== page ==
Poolesville Veterinary Clinic

Monday to Friday 7:30am–7:00pm
Saturday 9:00am–2:00pm
19621 Fisher Ave. • Poolesville, MD 20837 • 301.972.7705


Use of Acupuncture in the Veterinary setting at Poolesville Veterinary Clinic
Ashley G. Young, DVM

Acupuncture was originally a Traditional Chinese Medicine re-visited in the 1940’s where “barefoot doctors” were trained in Chinese medicine and basic Western Medicine which were used together for general health care across Asia.

Today we research the neurophysiologic basis of acupuncture in what we describe as evidence based medicine in conjunction with the traditional Chinese medicine.

Acupuncture point locations as mapped out thousands of years ago and considered to be meridians of energy or ‘Qi’ have actually been found to be specific anatomical locations.

  1. Where nerve bundles penetrate the fascia
  2. Close proximity to major blood vessels that surround the small nerve  bundles
  3. Motor points where nerves enter or exit the muscle
  4. Trigger points, more commonly known as knots in your muscles.

‘Pain in myofascial pain syndrome develops as a result of the activation of C afferent (group IV) nociceptors at trigger point sites in muscle…the pain in this disorder may be abolished by means of stimulating cutaneous and subcutaneous A delta nerve fibers with dry needles, for it is known that this procedure blocks the C afferent input to the spinal cord, both from skin and from muscle by activating enkephalinergic inhibitory interneurons situated at the boundary between lamina I and II of the dorsal horn (Bowsher 1990)’   Filshie & White, Medical Acupuncture: A Western Scientific Approach. Churchill Livingstone, London 1998.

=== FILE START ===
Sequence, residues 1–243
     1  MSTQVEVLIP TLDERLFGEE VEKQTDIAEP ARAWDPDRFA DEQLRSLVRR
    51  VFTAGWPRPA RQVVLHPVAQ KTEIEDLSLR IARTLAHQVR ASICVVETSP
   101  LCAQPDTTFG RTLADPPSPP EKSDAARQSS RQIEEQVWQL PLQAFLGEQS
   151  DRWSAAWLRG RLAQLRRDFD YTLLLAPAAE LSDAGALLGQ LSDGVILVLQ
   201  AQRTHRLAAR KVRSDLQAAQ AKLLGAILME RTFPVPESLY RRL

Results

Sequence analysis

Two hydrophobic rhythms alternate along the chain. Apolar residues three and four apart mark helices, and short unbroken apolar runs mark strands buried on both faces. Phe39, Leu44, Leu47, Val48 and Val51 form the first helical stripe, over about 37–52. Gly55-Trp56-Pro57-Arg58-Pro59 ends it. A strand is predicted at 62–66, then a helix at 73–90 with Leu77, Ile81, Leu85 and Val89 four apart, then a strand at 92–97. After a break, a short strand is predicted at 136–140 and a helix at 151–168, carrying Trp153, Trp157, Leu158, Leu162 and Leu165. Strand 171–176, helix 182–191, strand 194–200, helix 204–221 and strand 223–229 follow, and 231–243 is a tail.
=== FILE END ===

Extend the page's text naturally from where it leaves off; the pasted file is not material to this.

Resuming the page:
Needle insertion creates a neurovascular reaction releasing substance P and histamine. This stimulates both ascending response on the CNS to create an overall pain relief and descending axon reflexes such as warmth and redness at the insertion site.

Local effects include capillary dilation and immune activation, tissue repair activation and local/supraspinal control to reduce inflammation and normalize circulation.

Systemic effect releases natural pain reducers such as met-enkephalin, B-endorphin and dynorphins as well as increased serotonin levels.

Acupuncture controls pain by release of endogenous opioids, improves circulation via vasodilation and inhibits pain by blocking the C fibers and A delta fibers.

Side effects are rare due to the sterile thin stainless steel needles being used.

Uses for Acupuncture at Poolesville Veterinary clinic include most musculoskeletal and neurologic diseases such as arthritis, IVDD, nerve injuries/paralysis, back pain, lameness, muscle and tendon injuries. Other illnesses and diseases have had acupuncture used for treatment throughout the world including skin disease, urinary tract disorders, gastrointestinal disease, respiratory disorders, ocular disorders, and reproductive problems.

Key to acupuncture success is an accurate western medicine diagnosis followed by treatment using both integrative (acupuncture, laser therapy, etc) and western. Most of my patients are currently taking pharmaceuticals as well as utilizing acupuncture. The acupuncture is able to lessen the quantity of drugs required while using an integrative therapy which has minimal side effects.